Don’t Think, Feel

Photography is often thought of as a literal process. Point the camera at something interesting and shoot. Wait for the right light, find an interesting composition, expose the image properly and so on and so forth. All true! Even the most creative photographers need a solid foundation in the technical aspects of the craft. In order to capture our "vision" into a well executed photograph, one must first master the basic skills of composition, metering, exposure and so on. That being said, I have met multitudes of photographers over the years with the best equipment (often better than mine and most pro's I know), an understanding of exposure, metering and completely capable of composing images using guidelines such as the rule of thirds ect. What the images often lacks is an emotional and spiritual connection to the subject.

Too much thinking and not enough feeling leads to images that are technically perfect, but fail to evoke an emotional response in the viewer or, as Bruce Lee puts it after slapping an overly thoughtful pupil in Enter the Dragon: "Don't think, feel!" There is a Buddhist expression " you are not your thoughts" which references the human tendency to get too caught up in thought, leaving us stressed and unable to step back from ourselves and experience the world around us, realizing not all we think is what we see.

While on my way this spring to Boneyard Beach of Botany Bay, I found myself daydreaming of compositions as I drove out to the island in the darkness. I have been here before. I know the lay of the land, or at least I thought I did. Once I arrived on the beach, I went from one set of trees to the next framing up all of those pre-visualized shots, and not being at all happy with any of them.  As my frustration began to rise and the light was getting good, I put my camera in the bag, dropped my tripod in the sand and went to sit down on the beach, trying  to clear my mind as best I could  and simply looked and listened to the landscape. It was in this quite moment blocking out my thoughts, that I saw the image literally lying directly in front of me. Quietly and quickly, I retrieved my gear and set up the shot. Withing seconds I had the shot I didn't even know I was looking for. So next time your in the filed and the vision just isn't materializing, try to relax your mind and instead don't think, feel!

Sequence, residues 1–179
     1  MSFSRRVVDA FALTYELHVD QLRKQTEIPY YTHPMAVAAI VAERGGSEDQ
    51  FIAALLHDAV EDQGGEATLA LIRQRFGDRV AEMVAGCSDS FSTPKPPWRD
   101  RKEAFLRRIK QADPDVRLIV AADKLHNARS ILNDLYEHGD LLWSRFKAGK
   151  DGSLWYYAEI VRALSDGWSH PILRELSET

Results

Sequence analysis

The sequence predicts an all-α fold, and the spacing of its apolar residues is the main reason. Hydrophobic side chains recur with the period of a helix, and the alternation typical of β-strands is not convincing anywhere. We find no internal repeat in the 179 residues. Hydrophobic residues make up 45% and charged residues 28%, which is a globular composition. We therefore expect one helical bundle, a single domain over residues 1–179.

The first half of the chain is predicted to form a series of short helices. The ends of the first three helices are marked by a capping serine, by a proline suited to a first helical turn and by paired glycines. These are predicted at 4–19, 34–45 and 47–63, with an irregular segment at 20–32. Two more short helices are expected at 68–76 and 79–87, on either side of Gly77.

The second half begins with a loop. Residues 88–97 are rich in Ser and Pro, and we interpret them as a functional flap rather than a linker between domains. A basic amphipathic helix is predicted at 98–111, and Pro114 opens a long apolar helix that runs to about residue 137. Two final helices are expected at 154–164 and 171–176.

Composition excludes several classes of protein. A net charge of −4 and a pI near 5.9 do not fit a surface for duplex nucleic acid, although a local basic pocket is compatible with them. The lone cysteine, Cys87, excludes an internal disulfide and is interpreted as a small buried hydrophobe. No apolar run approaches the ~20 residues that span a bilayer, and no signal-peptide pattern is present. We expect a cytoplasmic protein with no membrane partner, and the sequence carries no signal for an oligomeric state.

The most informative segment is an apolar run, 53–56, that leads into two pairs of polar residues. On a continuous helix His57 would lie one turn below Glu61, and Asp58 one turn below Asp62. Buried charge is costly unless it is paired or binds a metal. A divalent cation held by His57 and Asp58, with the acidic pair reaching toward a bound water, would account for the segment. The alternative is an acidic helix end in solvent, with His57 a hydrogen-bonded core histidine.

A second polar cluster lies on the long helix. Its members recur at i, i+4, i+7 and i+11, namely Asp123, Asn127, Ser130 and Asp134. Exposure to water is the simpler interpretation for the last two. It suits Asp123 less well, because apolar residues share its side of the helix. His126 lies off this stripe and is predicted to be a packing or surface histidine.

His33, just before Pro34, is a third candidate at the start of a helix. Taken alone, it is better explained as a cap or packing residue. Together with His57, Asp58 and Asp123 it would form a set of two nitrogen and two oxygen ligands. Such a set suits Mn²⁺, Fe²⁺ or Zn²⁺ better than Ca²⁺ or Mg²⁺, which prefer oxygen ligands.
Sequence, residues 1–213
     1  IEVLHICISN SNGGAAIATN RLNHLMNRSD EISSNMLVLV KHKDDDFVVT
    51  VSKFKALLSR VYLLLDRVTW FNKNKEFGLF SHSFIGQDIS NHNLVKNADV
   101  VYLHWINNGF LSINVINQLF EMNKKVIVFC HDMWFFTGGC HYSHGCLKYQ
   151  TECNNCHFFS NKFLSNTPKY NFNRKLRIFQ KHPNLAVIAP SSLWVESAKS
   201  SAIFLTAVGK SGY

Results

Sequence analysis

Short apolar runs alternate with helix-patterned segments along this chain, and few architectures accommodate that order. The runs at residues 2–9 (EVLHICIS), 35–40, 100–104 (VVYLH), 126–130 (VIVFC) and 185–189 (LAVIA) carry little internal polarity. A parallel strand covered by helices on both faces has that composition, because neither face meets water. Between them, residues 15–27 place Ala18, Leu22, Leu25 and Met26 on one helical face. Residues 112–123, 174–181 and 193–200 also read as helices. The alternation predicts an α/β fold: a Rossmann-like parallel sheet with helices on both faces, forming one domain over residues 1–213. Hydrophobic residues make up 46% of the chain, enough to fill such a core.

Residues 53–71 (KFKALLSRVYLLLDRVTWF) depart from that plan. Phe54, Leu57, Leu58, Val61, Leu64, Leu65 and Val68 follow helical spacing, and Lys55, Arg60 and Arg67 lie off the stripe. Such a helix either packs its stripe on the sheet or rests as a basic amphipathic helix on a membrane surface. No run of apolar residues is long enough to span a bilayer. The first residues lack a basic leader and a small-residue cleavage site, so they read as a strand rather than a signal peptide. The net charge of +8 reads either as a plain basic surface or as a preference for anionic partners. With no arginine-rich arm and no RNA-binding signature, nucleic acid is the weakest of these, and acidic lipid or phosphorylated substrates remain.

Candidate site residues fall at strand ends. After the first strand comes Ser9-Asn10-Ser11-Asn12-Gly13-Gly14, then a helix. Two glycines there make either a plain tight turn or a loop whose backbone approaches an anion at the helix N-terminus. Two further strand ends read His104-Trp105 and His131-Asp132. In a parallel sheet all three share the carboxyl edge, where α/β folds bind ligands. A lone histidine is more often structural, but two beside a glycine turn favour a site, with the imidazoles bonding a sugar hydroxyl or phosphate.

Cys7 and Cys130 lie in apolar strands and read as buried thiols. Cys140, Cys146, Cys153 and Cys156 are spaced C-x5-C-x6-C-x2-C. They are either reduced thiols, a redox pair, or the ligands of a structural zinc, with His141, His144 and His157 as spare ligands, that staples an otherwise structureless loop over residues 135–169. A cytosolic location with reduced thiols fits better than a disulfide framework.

Hi Joseph- I’ve been a long time fan of your gorgeous landscape photographs and would love to know if you ever come down to the Outer Banks area? I’d absolutely love and be forever grateful for the chance to be able to shoot and learn a little with you =)

    Hi Joseph, I’ve seen alot of your work in outdoor photographer also on facebook. Its awesome you truly are a master and I can tell that you are in love with what you do something that few get to do in this world. I hope you never loose the passion! I would think you get this alot but it would meen so much for someone who’s work I respect so much would take a look at my stuff just a peek would meen so much. thank you. Jason Perius

    Absolutely right! I agree completely! When I am in thinking mode I am usually thinking about the past or the future. I am almost never really present. Just being present is what it is all about. I struggle to remember that …..but when I do … photography almost always benefits!

    Just a great article Joe and this image is locked in my memory now since I first saw it I think on your FB page some days ago…It is just spectacular .a classic in my opinion. Beautful words and wonderful image. thank you for both.

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